The sight shocked him – in a good way.
For Christopher Dias, surprise came as he carried out one of his habitually plain chores: buying groceries.
Dias had already made his food selections, had waited in a busy Harris Teeter checkout line, had reached his turn to pay at a register and was close to heading out into the Hope Valley Commons parking lot when he saw Durham County Sheriff’s Office Deputy Joseph Derilus.
The uniformed deputy came over and pulled open a plastic grocery bag.
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“Officer Derilus came over to my line and started carefully bagging my groceries and putting them in my cart!” Dias wrote in an email. “Derilus drew no attention to himself. He simply smiled and quietly placed items in my cart until everything had been scanned and bagged.”
“I was a bit stunned at the encounter,” Dias said.
Dias’s first thought was that local law enforcement must have been carrying out a public relations campaign of some kind.
After paying for his groceries and loading them into his car, Dias went back inside the grocery store and found Derilus “at yet another lane, helping another customer,” he said.
Dias said Derilus told him, that the bagging was not part of or because of any sort of mandated PR campaign.
So, Dias wrote an email which included the words, “I can’t think of a better example of an officer who is dedicated to protecting and SERVING the people of Durham!”
Derilus bagged groceries and chatted with cashiers for an hour and a half while working a shift as an off-duty security officer at the grocery store.
“I saw the opportunity. It was busy that day and the lines were getting longer,” Derilus said. “So I just took it upon myself — the best way of serving them was to help them.”
Derilus was born in Port-au-Prince, Haiti, emigrated to the U.S. when he was 3 and was raised in Miami.
His wish to go to work as a lawman started in the fourth grade, he said, after he witnessed a policeman bring a police K-9 to an elementary school career day and listened to a story of lives’ saved, about a trapped couple rescued from a car.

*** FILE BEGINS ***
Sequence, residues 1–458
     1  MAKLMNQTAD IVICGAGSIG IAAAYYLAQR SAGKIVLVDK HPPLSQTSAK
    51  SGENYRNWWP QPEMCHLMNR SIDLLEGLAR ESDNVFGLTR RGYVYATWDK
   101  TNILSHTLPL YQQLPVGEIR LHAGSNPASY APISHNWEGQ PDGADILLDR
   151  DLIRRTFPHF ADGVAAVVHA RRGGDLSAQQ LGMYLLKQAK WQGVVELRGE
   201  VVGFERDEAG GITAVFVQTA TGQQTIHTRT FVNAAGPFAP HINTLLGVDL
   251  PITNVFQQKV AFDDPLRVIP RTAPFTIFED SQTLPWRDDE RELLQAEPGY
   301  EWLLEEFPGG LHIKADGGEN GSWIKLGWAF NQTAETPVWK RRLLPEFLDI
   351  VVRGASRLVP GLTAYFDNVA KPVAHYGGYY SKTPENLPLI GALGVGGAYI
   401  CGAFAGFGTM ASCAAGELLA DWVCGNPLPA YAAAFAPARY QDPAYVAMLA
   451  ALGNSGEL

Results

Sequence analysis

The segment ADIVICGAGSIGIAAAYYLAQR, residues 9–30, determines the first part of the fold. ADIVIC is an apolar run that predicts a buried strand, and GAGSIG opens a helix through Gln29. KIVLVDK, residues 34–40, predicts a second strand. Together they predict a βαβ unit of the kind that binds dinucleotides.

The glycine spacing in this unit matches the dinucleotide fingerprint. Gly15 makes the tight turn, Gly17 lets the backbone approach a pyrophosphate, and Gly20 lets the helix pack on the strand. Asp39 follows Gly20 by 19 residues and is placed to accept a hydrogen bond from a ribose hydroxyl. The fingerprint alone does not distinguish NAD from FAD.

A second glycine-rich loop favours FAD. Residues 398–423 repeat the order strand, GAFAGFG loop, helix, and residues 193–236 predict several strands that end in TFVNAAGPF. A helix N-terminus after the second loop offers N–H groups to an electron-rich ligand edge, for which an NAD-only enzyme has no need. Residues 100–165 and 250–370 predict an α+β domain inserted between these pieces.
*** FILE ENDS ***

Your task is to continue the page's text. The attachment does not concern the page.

“I was like ‘Oohh, that’s what I want to do,’” Derilus said. “… He had a K-9 and everything. …”
But fresh out of high school, Derilus couldn’t immediately pursue his career of choice. The reason? Derilus had to become a U.S. citizen before he could become a cop.
Derilus is now 41 and he landed his first law enforcement gig two-and-half years ago with the Greensboro Police Department. He started as a deputy for the Durham County Sheriff’s Office this fall.
“He felt felt like he wanted to help in some form, or way or fashion,” Sheriff Mike Andrews said of the help Derilus offered at the checkout line. “And I assume he felt that he was putting a smile on somebody else’s face, and plus it made him feel good.
“I didn’t ask him to bag any groceries, and didn’t no one else direct him to bag any groceries,” Andrews said. “That’s something he felt, out of his own character. I can’t instill that, we can’t teach deputies that. That started at home.”
Andrews added that he had once bagged groceries as a teenager, but never in uniform. And a lot of people were surprised by the sight of Derilus – in his uniform – bagging loaves of bread, cans, a baby carrot or two and celery sticks.
“It was like they were seeing the president of the United States bagging their groceries,” he said. “They were like ‘Wow. You are bagging my groceries?’”
Derilus recalled what he told the people with surprised faces and he wore a pleased grin when he recalled it. “I told them, ‘It’s the season of serving,’” he said.
One shopper insisted the deputy take a picture with her son in the front of the Harris Teeter, after he helped her with her grocery bags.
One woman asked, “’I thought you guys just went out and take people to jail’,” Derilus said, adding, “But I think she probably tried to mean that in a funny way. But, we had people that were serious about it and said ‘I never thought, y’all would stoop down and bag some groceries.’”
Andrews said the job of a deputy requires the women and men who perform it to wear many metaphorical hats.
“There are times, that you have to cinch your belt up. But, there are a whole lot of things that can be stopped, by the way you respond, you act, the way you communicate,” Andrews said. “That’s what was instilled in me as a young deputy when I first started here, a long time ago.”